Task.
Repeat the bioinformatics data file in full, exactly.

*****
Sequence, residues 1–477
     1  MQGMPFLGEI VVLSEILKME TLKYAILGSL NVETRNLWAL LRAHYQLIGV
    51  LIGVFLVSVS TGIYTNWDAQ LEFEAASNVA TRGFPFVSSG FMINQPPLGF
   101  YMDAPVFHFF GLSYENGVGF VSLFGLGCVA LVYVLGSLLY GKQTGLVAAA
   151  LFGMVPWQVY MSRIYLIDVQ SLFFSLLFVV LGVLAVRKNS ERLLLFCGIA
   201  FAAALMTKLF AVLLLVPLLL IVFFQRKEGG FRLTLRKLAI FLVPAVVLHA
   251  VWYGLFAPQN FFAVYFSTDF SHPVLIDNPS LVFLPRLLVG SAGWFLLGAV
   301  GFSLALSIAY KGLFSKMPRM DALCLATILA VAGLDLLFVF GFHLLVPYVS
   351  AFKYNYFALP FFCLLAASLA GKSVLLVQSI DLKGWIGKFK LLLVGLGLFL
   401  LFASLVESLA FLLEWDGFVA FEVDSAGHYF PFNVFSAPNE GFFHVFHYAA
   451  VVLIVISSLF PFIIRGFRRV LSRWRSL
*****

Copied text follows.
Sequence, residues 1–477
     1  MQGMPFLGEI VVLSEILKME TLKYAILGSL NVETRNLWAL LRAHYQLIGV
    51  LIGVFLVSVS TGIYTNWDAQ LEFEAASNVA TRGFPFVSSG FMINQPPLGF
   101  YMDAPVFHFF GLSYENGVGF VSLFGLGCVA LVYVLGSLLY GKQTGLVAAA
   151  LFGMVPWQVY MSRIYLIDVQ SLFFSLLFVV LGVLAVRKNS ERLLLFCGIA
   201  FAAALMTKLF AVLLLVPLLL IVFFQRKEGG FRLTLRKLAI FLVPAVVLHA
   251  VWYGLFAPQN FFAVYFSTDF SHPVLIDNPS LVFLPRLLVG SAGWFLLGAV
   301  GFSLALSIAY KGLFSKMPRM DALCLATILA VAGLDLLFVF GFHLLVPYVS
   351  AFKYNYFALP FFCLLAASLA GKSVLLVQSI DLKGWIGKFK LLLVGLGLFL
   401  LFASLVESLA FLLEWDGFVA FEVDSAGHYF PFNVFSAPNE GFFHVFHYAA
   451  VVLIVISSLF PFIIRGFRRV LSRWRSL